SACUA passes resolutions regarding incidents at Penn State, UC campuses
The Senate Advisory Committee on University Affairs passed resolutions Monday condemning recent police action against protesters at two University of California campuses, and proposing steps to guard against criminal behavior on campus, particularly sexual abuse of children.
Both resolutions are to be considered at the faculty's next Senate Assembly meeting Dec. 12.
The resolution regarding criminal activity on campus grew out of the recent child sexual abuse scandal at Penn State and the recognition that U-M hosts a variety of activities involving children, from day care to sports camps and other summer programs.
"Although we hope that similar incidents could not be possible at the University of Michigan, we are concerned about the conditions that apparently allowed these alleged crimes to be both perpetrated in the first place and hidden from public view for so long," the resolution states.
SACUA says the Penn State incident "may highlight two separate, but related, issues" — the under-reporting of criminal behavior on campuses in general and the under-reporting and investigation of sexual assaults in particular.
"For these reasons it is critical that students, staff, faculty and administrators take individual responsibility in matters of suspected or actual criminal activity," the resolution states. "It takes a team effort, and shared sense of responsibility, to keep our community safe for everyone."
SACUA suggests U-M take a national leadership role in addressing criminal behavior on campus and proposes several actions, including:
• A system of checks and balances for reporting and investigating criminal activity to ensure the fair treatment of all citizens of the university community.
• Implementing procedures that rapidly attend to the special needs of victims of violent crimes and crimes involving vulnerable victims.
• Reviewing all programs involving minors and other vulnerable groups on campus to ensure sufficient protections are in place.
• Developing training and education programs for faculty and staff dealing with vulnerable populations.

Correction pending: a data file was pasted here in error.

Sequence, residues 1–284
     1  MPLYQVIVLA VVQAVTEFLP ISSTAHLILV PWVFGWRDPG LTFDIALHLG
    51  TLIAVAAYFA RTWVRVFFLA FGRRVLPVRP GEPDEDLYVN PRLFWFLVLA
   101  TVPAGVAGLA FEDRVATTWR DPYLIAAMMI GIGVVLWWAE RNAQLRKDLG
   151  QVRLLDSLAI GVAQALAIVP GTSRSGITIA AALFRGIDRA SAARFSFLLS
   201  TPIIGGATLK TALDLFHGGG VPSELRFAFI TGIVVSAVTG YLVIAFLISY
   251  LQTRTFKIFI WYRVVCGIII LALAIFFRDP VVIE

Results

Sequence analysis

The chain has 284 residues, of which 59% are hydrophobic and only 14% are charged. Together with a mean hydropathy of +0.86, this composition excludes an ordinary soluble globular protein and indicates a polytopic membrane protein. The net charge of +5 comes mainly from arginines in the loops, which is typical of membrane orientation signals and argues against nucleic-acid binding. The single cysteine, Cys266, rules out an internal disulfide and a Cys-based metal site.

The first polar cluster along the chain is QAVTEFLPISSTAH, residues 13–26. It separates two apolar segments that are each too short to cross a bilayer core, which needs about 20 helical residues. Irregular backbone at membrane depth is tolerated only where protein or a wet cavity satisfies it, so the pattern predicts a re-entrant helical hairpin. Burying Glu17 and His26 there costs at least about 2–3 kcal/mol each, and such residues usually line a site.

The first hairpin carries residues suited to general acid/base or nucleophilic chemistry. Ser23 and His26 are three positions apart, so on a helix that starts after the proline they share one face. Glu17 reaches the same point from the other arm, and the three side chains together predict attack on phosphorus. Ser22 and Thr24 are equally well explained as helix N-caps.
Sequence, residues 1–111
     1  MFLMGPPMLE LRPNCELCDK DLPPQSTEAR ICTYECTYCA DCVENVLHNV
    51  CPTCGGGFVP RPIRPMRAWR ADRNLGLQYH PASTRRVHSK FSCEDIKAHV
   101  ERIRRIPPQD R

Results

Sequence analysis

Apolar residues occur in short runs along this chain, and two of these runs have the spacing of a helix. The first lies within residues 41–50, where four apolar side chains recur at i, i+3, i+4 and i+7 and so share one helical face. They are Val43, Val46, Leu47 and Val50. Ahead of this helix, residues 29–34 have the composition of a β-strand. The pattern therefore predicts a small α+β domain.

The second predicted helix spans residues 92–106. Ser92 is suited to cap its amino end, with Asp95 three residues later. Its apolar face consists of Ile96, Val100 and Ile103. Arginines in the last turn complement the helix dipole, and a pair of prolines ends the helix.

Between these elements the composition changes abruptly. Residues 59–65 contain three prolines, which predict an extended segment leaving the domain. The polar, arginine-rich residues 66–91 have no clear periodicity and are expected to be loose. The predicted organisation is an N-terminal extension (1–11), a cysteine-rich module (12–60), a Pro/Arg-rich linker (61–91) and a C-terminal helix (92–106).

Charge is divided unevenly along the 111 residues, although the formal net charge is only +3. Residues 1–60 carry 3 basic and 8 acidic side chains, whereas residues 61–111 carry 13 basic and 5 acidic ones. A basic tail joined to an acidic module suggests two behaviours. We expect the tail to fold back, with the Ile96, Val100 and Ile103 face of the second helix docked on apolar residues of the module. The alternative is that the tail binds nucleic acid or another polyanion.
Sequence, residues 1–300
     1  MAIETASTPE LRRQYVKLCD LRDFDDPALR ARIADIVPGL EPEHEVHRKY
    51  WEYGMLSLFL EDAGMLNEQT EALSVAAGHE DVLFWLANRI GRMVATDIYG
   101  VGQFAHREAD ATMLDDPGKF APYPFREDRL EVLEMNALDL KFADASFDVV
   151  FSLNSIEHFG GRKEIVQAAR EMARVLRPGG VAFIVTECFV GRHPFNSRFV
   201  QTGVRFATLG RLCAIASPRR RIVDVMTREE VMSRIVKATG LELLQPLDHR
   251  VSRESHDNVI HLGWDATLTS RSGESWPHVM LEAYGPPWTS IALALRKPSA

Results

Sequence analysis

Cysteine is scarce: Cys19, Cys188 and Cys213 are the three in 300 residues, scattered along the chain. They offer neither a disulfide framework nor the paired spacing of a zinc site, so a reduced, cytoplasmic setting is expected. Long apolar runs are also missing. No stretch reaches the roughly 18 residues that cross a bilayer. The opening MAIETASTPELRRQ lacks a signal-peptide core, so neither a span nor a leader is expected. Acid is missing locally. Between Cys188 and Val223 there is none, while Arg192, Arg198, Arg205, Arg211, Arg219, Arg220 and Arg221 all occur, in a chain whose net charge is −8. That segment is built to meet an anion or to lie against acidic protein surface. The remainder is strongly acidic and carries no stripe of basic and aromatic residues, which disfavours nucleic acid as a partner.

President Mary Sue Coleman, who was at the meeting to discuss a variety of topics with the faculty governance panel, said she shares SACUA's concern and recently sent a letter to the U-M community outlining steps people can take if they are a victim of or witness to questionable activity.
She said she has asked Suellyn Scarnecchia, vice president and general counsel, to initiate a review of all areas that involve children, looking at such issues as policies and procedures for identifying and reporting abuse, training and screening, what is known about people who may be in the state's Sex Offender Registry, and where gaps in current policies and procedures may exist.
SACUA Chair Kate Barald said the second resolution is in response to incidents last month at UC Berkeley and UC Davis in which students and faculty engaging in peaceful demonstrations were hit or pepper sprayed by police, requiring several of the protesters to be hospitalized.
"We wanted to express our solidarity with the people injured," said Barald, professor of cell and developmental biology, and biomedical engineering. She added she is confident such "brutality and blocks in communication and oversight would never happen here."
"We call upon university administrations and their governance bodies nationwide to exercise every restrain and to encourage dialogue should such peaceful demonstrations occur on their campuses," the SACUA resolution says.